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AgweekTV: Weather and prices, World Pork Expo, planting season wraps up, Ukrainian farmer visits North Dakota

This week on AgweekTV, weather is the top issue affecting commodity prices right now. We'll hear about top concerns facing pork producers, at the World Pork Expo in Iowa. The crazy planting season of 2022 is about to end. And a Ukrainian farmer visits the region to get help for his war-torn homeland.

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This week on AgweekTV, weather is the top issue affecting commodity prices right now. We'll hear about top concerns facing pork producers, at the World Pork Expo in Iowa. The crazy planting season of 2022 is about to end. And a Ukrainian farmer visits the region to get help for his war-torn homeland.

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On this week's agriweather forecast on AgweekTV, StormTRACKER meteorologist Jared Piepenburg said warmer temperatures will be moving into the region later this month, with some places likely to see the first 90-plus degree temperatures in the next two weeks.

WELCOME TO AGWEEK TV AND HAPPY FATHER'S DAY WEEKEND, I'M EMILY BEAL.

THE JUNE WASDE REPORT WAS GENERALLY NEUTRAL WHEAT, NEGATIVE CORN AND FRIENDLY TO SOYBEANS.

RANDY MARTINSON, OF MARTINSON AG RISK MANAGEMENT, SAYS RIGHT NOW, THE BIG FACTOR IS WEATHER.

ON THE AGWEEK MARKET WRAP, MARTINSON SAID WHEN USDA'S ACREAGE REPORT COMES OUT JUNE 30TH, WE'LL LIKELY SEE CHANGES IN PRODUCTION NUMBERS. SO HE SAYS IN THE MEANTIME, THE MARKET WILL REVOLVE AROUND THE WEATHER. AFTER A COOL, WET SPRING DELAYED PLANTING AROUND THE UPPER MIDWEST, FORECASTS ARE NOW CALLING FOR A HOT, DRY GROWING SEASON.

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Randy Martinson: IT'S GOING TO BECOME A WEATHER MARKET, YOU KNOW, WE ARE GOING TO SEE SOME WARMER, DRIER WEATHER, WHICH WILL LIKELY WRAP UP A LOT OF PLANTING PROGRESS HERE IN THE NEXT WEEK. AND SO YEAH, I THINK RIGHT NOW WEATHER AND GROWING CONDITIONS ARE GOING TO BE THE BIG DRIVER.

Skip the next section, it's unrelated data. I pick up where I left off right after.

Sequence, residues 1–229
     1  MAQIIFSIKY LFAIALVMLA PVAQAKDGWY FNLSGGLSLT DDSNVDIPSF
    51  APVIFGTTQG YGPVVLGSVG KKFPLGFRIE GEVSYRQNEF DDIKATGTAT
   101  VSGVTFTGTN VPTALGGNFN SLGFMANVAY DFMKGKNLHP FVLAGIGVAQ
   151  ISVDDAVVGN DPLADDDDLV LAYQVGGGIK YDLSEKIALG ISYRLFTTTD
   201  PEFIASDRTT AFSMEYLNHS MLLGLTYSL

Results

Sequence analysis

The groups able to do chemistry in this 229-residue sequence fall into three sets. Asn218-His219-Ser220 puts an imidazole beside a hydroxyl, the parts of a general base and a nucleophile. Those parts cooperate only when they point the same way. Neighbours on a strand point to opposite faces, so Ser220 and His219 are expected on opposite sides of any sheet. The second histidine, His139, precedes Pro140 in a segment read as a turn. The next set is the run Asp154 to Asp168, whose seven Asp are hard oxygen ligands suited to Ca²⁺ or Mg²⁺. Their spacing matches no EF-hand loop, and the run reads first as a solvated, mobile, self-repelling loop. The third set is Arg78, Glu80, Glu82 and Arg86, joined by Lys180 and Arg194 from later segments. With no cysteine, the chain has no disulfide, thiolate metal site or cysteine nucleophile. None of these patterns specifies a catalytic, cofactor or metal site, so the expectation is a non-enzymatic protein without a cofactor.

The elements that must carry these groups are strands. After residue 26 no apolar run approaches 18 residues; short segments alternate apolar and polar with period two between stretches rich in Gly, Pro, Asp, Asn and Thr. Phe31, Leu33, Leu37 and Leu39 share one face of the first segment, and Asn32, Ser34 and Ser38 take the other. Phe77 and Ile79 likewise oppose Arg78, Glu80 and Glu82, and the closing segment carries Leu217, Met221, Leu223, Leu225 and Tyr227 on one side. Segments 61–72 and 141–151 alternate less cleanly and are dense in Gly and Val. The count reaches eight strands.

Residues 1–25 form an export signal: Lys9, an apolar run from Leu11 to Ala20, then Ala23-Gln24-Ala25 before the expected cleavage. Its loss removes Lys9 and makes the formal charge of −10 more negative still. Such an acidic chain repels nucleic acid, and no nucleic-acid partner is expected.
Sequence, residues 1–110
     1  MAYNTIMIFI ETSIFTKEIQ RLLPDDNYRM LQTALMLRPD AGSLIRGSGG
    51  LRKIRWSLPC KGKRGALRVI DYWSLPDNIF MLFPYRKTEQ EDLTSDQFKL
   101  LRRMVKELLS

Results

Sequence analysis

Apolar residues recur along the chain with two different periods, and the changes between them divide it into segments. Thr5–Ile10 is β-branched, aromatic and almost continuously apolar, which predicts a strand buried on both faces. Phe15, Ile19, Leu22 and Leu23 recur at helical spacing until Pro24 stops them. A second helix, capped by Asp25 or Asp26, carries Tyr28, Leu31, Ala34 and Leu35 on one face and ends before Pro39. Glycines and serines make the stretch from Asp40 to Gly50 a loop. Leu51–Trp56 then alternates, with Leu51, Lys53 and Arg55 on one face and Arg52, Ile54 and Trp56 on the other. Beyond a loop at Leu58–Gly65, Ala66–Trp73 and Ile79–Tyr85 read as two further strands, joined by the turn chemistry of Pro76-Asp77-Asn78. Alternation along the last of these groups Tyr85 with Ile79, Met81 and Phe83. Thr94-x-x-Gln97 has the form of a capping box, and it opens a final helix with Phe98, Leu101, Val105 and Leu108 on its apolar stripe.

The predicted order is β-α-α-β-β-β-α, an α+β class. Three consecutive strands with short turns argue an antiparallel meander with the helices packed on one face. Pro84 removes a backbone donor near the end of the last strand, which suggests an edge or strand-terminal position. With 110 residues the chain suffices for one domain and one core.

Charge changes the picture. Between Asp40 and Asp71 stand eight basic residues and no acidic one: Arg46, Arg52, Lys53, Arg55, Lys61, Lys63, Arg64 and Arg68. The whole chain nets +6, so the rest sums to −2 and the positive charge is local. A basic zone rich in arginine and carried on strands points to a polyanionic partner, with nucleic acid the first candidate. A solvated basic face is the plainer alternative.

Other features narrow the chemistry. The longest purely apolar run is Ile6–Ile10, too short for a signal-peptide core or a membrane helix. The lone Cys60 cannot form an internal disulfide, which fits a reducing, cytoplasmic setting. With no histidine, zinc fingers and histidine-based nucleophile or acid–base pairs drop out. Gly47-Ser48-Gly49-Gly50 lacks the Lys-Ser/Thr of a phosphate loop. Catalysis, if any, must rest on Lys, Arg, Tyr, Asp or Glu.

YOU CAN SEE OUR FULL MARKET WRAP ON AGWEEK.COM .

THIS HAS BEEN AN UNUSUAL YEAR FOR MANY FARMERS.

THAT'S ESPECIALLY TRUE FOR LARRY LINNEMAN, WHO FARMS IN NORTH EAST NORTH DAKOTA. THE WET SPRING PUT HIS PLANTING ABOUT THREE WEEKS BEHIND ON SOME CROPS. WET GROUND FORCED HIM TO USE TWO TRACTORS TO PULL HIS AIR SEEDER TO PLANT 500 ACRES OF WHEAT. LINNEMAN SAYS DESPITE IT BEING SO LATE, HE NEEDED TO GET THE WHEAT PLANTED TO KEEP HIS ROTATION FOR SUGARBEETS, AND HE HAD ALREADY FERTILIZED THE GROUND LAST FALL, SO HE THOUGHT IT WAS IMPORTANT TO GET IT PLANTED, DESPITE THE CHALLENGES.

Larry Linneman: IT JUST WAS MUSH UNDERNEATH, AND IT WAS, YOU KNOW, AN INCH OF DRY DIRT ON TOP IT JUST COULDN'T PULL IT, SO WE HAD TO PUT TRACTORS ON TO GET HER THROUGH.

LINNEMAN RAISES DRY EDIBLE BEANS, WHEAT, SUGARBEETS AND CORN ON ABOUT 84-HUNDRED ACRES NEAR REYNOLDS. HE SAYS THIS IS THE LATEST HE'S DONE THE MAJORITY OF HIS PLANTING, BUT HE WANTED TO AVOID PREVENTED PLANT. AND HE SAYS DESPITE THE LATE FINISH, HE'S STILL OPTIMISTIC THERE'S STILL ENOUGH GROWING SEASON LEFT.

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SEVERAL ISSUES TOOK CENTER STAGE AT THE WORLD PORK EXPO, HELD RECENTLY IN DES MOINES, IOWA. AMONG PRODUCERS CONCERNS ARE MORE ACCESS TO FOREIGN WORKERS, THE THREAT OF AFRICAN SWINE FEVER, AND A NEW CALIFORNIA LAW THAT COULD AFFECT ALL AMERICAN PRODUCERS.

Terry Wolters: WE HAVE THE ABILITY TO RAISE THE MOST EFFICIENT, AFFORDABLE PRODUCT ON THE GLOBE.

BUT TERRY WOLTERS, THE PRESIDENT OF THE NATIONAL PORK PRODUCERS, SAYS ONE THING THAT'S HOLDING THEM BACK IS A SHORTAGE OF WORKERS. HE SAYS THEY NEED REFORM IN THE H2A VISA PROGRAM FOR FOREIGN WORKERS.

Terry Wolters: THE JOBS IN OUR FARMS ARE VERY TECHNICAL, AND WITH THAT TECHNICAL TRAINING THAT IT TAKES TO GET THAT EMPLOYEE UP AND RUNNING AND BEING REALLY EFFICIENT IN THEIR JOB, THEN IT'S TIME TO GO HOME. AND SO WE NEED TO EXPAND THE NUMBERS THAT WE HAVE AVAILABLE TO US IN THE PROGRAM, BUT WE ALSO NEED TO EXTEND THE TIMELINE THAT WE'RE ALLOWED TO HAVE THOSE PEOPLE HERE.